Each drive out of corners with similar ferocity, thanks to their limited-slip differentials, and both can be tripped up by really tight bends that would have an all-wheel drive car feeling like a slingshot while this duo scrabble for grip. The diffs are great, but they aren’t an immaculate cure-all; they require patience.

Nor is the Volkswagen perfect in all other areas.

Its DSG works brilliantly at speed, with rapid response to the paddleshifters in manual mode, but around town the automatic’s normal mode makes the drivetrain feel loose and dull as it assumes tall gears at all times. And yet the alternative Sport mode leaves revs hanging incessantly; for example, at 60km/h normal takes sixth gear, yet Sport holds fourth, when what you ideally want is fifth.

To make matters worse, Sport mode isn’t truly aggressive enough out in driving country where it should shine. Let’s light this up on a neon sign: buy a Golf GTI manual, please.

The 2.0-litre turbo was also thirstier on test, gulping 10.2 litres of premium unleaded per 100 kilometres, versus the 1.6-litre turbo’s parsimonious 8.7L/100km.


TMR VERDICT | Who wins the ‘hot hatch match’?

On the right road and in the perfect moment, the Peugeot 308 GTi 270 is the greater driver’s car of these two hot hatchbacks. Its ability to feel light, grip tight and go hard is the stuff of which spicy legends are made.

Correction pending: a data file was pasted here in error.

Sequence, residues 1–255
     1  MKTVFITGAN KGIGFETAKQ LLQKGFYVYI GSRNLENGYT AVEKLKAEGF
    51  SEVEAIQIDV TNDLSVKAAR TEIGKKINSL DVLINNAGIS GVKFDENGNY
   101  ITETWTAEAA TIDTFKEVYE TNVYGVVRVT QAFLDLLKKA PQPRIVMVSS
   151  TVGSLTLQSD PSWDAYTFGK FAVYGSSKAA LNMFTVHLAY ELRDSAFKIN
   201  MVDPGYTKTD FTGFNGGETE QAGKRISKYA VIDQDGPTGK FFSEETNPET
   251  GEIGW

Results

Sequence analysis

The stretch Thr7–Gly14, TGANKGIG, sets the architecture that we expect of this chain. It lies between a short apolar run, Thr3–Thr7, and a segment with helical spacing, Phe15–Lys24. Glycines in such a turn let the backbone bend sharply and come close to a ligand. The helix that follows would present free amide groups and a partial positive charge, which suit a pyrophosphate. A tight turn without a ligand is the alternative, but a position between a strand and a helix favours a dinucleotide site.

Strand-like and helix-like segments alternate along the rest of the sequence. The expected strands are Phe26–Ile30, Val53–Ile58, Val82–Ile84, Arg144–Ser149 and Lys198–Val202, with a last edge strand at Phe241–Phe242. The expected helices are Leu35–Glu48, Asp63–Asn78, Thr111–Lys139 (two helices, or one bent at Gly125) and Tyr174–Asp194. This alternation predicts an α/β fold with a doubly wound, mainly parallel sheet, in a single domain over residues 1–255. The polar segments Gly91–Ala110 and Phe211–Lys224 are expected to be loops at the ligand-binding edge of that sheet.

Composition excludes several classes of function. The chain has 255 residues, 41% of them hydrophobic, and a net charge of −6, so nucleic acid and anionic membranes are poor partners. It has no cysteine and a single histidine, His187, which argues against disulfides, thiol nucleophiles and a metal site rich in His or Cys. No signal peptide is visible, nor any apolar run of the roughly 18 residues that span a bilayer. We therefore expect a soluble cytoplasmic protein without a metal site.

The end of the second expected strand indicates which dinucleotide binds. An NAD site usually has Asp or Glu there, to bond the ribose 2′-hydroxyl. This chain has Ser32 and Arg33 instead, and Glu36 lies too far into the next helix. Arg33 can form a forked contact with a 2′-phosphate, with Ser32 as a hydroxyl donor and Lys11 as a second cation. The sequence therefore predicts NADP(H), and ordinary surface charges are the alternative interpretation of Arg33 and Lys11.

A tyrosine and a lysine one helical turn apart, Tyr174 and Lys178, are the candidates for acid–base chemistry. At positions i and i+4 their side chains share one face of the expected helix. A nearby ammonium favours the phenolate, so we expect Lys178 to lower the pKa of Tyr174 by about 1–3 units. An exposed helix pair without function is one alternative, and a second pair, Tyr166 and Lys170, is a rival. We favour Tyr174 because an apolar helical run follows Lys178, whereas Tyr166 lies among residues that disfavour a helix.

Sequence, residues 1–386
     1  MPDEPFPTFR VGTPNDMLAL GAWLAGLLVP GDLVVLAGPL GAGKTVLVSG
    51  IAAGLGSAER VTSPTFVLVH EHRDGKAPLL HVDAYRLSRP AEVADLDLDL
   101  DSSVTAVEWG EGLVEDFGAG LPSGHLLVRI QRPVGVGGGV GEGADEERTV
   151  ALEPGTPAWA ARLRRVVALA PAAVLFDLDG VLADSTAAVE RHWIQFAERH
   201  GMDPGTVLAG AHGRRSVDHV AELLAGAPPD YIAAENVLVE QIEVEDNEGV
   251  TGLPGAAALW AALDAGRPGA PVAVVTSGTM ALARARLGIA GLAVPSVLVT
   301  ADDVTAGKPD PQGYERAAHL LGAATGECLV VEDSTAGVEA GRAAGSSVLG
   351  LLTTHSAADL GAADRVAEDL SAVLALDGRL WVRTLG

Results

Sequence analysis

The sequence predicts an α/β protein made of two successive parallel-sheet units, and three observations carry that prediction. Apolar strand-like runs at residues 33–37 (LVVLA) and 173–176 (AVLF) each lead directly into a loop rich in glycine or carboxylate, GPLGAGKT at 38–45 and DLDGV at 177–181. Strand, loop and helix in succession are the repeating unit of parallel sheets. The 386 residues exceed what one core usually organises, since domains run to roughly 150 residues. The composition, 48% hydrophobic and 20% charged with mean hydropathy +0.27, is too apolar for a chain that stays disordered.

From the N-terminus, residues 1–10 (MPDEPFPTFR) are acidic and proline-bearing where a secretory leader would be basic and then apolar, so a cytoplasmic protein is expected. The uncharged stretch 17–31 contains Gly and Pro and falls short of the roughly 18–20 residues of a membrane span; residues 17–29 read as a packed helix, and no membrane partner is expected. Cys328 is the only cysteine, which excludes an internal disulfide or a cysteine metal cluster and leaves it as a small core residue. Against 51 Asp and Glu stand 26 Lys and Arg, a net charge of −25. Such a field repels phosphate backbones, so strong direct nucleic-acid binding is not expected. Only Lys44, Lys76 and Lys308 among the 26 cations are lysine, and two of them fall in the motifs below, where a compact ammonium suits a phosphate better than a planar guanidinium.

It would win this comparison if its controls were in order - it really needs sweeter steering, a nicer gearshift action and less grabby brakes – but its ergonomic, equipment and space deficits are other issues that cement its loss. In a whole week’s driving, this particular Peugeot 205 GTI owner never gelled with it.

Today’s Volkswagen Golf GTI isn’t just an all-rounder like models of yesteryear.

The ferocious engine of the 40 Years is fantastic, and when you start to boogie with the creamy steering and sweetly balanced chassis – though we would fit better tyres - the whole package comes together as a terrific, if still-subtle driver’s car.

It’s simply one that happens to seat everyone comfortably and ride beautifully, with plenty of technology, while - past experience reliably informs us - offering one of the true great manual shift actions all for $47K. It’s an anniversary special that deserves a ‘three cheers’ and paves the way for a promising Volkswagen hot hatch future.

  • Peugeot 308 GTi 270 – 3.5 stars
  • Volkswagen Golf GTI 40 Years – 4.5 stars

MORE News & Reviews: Peugeot | Volkswagen | Hot Hatch
VISIT THE SHOWROOM: Peugeot 308 models - pricing, features, specifications
VISIT THE SHOWROOM: Volkswagen Golf models - pricing, features, specifications